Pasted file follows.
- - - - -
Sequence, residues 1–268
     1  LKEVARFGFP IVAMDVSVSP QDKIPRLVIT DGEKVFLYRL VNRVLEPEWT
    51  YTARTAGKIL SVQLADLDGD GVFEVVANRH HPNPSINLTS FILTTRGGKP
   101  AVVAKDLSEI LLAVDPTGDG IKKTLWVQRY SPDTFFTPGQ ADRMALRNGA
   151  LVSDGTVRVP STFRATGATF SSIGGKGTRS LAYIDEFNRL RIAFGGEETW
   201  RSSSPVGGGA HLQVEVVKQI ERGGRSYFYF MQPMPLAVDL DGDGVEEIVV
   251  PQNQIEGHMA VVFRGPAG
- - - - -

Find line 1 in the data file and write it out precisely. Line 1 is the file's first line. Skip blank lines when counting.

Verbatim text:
Sequence, residues 1–268